Hayes stressed the need to focus on clusters of cues that fall in context with the particular situation being observed, and the totality of information must be considered. Based on evidence and logic, this also involves observing and understanding stable differences that are behaviorally based, drawing inferences derived from experience, and prioritizing those differences based on the specific circumstances surrounding that behavior. “We refer to the process as behavioral detection and prioritization, or BDP,” he said. “This is a protocol that’s grounded in theory and supported by evidence.”
“We should be very proud of the things we do to protect our companies, our customers, and to resolve dishonesty,” stated Titus. “We’d love to have your thoughts and input.”
EDITOR’S NOTE: LP Magazine is a supporter of the LPRC. We encourage all retailers and solution providers to consider joining the research organization and use its resources and research findings to build better LP programs based on evidence-based best practices. To learn more, visit lpresearch.org.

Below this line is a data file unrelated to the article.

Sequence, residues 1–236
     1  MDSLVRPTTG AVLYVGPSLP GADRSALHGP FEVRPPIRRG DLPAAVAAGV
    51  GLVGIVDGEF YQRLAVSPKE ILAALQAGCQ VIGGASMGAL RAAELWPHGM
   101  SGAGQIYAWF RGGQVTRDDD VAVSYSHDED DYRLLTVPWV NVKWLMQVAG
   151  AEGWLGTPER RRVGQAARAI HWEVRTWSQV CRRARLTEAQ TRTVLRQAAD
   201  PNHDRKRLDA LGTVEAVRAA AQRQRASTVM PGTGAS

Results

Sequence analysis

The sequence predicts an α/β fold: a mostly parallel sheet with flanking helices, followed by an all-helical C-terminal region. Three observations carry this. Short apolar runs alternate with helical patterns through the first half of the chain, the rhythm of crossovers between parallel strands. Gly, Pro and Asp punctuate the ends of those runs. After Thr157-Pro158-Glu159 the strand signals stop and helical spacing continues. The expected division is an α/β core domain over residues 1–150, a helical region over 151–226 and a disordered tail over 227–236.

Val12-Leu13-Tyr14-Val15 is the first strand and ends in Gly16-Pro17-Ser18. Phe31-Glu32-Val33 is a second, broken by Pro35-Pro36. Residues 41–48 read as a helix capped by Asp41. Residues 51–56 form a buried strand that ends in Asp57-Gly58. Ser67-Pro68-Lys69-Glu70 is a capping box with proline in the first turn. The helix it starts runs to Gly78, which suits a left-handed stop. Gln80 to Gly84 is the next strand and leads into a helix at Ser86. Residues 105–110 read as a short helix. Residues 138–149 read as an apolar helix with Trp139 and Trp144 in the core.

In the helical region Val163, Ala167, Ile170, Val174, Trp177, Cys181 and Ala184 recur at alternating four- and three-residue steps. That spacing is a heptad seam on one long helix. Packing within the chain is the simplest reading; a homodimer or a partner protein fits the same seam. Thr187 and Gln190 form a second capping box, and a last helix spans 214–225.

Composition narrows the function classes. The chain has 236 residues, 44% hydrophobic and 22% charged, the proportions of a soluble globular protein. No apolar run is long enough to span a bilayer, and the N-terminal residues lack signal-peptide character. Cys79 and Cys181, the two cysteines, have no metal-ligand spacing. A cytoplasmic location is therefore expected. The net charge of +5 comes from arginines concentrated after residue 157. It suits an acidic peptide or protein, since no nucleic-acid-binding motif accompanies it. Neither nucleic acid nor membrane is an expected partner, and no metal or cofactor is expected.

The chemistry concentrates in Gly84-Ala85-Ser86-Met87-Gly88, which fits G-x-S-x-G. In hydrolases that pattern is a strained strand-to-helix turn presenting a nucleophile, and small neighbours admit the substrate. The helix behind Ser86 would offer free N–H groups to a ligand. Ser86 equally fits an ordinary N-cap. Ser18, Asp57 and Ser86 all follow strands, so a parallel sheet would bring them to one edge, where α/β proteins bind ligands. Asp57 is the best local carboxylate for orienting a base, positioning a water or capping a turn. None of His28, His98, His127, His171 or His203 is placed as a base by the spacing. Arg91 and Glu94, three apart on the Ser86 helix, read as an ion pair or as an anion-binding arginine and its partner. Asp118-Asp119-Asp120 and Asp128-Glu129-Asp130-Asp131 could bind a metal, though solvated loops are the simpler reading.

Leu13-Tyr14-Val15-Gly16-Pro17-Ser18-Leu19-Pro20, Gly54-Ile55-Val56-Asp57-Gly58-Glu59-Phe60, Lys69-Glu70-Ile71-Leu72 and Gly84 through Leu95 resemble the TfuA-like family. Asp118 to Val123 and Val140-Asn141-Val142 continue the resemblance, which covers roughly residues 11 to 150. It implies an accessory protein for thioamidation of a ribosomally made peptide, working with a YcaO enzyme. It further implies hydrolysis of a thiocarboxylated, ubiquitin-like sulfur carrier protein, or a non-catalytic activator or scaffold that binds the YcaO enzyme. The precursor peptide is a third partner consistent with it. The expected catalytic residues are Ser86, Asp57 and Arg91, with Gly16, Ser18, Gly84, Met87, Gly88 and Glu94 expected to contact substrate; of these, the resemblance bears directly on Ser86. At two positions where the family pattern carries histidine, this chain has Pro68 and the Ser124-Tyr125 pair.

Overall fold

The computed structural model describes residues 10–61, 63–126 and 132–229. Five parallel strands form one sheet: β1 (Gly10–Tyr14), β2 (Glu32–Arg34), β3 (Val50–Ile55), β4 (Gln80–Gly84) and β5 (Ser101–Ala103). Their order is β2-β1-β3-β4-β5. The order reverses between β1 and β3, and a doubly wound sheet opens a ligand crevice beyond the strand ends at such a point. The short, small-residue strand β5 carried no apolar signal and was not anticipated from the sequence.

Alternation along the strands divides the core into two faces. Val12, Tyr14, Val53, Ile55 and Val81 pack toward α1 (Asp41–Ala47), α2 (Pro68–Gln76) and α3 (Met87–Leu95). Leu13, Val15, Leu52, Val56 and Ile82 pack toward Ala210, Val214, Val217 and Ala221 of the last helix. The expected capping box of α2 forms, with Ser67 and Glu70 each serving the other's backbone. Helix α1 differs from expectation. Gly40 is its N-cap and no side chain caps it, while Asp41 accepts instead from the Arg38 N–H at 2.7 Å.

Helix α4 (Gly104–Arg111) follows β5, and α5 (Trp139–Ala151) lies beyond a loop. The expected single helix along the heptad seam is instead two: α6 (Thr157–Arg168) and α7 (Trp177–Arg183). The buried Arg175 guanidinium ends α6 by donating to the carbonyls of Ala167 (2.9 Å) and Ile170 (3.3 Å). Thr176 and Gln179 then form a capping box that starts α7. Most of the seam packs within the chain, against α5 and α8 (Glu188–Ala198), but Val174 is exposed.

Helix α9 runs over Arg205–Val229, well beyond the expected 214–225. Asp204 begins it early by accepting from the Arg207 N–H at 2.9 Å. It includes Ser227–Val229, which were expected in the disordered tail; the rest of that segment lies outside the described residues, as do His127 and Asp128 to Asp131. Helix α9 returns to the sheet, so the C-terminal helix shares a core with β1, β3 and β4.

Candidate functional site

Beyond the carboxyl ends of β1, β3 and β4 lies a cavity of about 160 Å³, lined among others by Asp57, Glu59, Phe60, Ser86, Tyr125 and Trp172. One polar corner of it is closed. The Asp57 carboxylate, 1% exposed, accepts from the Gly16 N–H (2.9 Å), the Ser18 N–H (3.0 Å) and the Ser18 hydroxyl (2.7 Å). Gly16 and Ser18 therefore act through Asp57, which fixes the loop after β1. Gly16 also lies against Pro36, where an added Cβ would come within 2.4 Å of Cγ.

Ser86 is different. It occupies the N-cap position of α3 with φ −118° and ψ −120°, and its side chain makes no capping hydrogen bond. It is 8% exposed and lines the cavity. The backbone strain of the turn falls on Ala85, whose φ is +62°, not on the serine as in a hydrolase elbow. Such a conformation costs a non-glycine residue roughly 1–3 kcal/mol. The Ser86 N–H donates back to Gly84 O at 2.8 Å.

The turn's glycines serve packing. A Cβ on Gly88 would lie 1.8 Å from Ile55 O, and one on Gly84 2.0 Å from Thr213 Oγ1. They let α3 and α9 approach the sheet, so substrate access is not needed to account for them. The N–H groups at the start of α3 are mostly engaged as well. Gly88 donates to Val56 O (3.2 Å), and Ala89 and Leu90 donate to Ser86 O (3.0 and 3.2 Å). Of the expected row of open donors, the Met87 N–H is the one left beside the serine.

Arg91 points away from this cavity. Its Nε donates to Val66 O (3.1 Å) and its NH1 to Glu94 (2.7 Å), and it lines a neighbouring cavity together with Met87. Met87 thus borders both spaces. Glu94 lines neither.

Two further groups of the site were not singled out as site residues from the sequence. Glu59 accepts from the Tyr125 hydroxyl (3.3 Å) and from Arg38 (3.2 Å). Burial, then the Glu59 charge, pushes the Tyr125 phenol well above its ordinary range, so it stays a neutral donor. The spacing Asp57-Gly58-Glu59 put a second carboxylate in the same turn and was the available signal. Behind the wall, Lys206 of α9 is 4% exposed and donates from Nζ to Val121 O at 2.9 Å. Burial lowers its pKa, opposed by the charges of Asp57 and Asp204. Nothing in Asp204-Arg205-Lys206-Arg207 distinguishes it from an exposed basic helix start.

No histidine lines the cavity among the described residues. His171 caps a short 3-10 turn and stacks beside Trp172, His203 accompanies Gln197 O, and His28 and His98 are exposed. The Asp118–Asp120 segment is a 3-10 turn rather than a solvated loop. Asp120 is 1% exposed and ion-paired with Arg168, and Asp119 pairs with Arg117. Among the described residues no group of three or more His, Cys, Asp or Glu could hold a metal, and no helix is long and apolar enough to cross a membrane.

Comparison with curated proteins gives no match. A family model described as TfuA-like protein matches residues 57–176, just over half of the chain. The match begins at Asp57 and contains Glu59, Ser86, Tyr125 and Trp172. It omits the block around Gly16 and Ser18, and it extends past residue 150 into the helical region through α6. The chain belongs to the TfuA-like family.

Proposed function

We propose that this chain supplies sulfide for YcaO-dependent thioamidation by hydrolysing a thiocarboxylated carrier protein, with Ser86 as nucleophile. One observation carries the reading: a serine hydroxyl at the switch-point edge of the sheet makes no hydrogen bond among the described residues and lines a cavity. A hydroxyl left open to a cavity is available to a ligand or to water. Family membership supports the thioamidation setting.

On July 2nd of this year we celebrated the 50th anniversary of the Civil Rights Act of 1964. Serving as the nation’s premier civil rights legislation, the Act outlawed discrimination on the basis of race, color, religion, sex, or national origin, required equal access to public places and employment, and enforced desegregation of schools and the right to vote. The Civil Rights Act represents the desire of the American society to move forward and beyond the limited channels of narrow perceptions. While legislation alone cannot end discrimination or the destitution of closed minds, by opening the door to further progress we can then see the broader possibilities.
As recent events have clearly shown us, there is still progress that needs to be made. Poor decisions, flawed thinking, and veiled intentions continue to obstruct the course. But we are moving forward, and we’re on the right path. Our common commitment may not be an end-all solution, but it certainly points the way.
Have you done your part? Is your program grounded in the building blocks that support good decisions? Isn’t it time we knew for sure? We can no longer just turn our heads.
This article was first published in 2014 and updated in March 2016.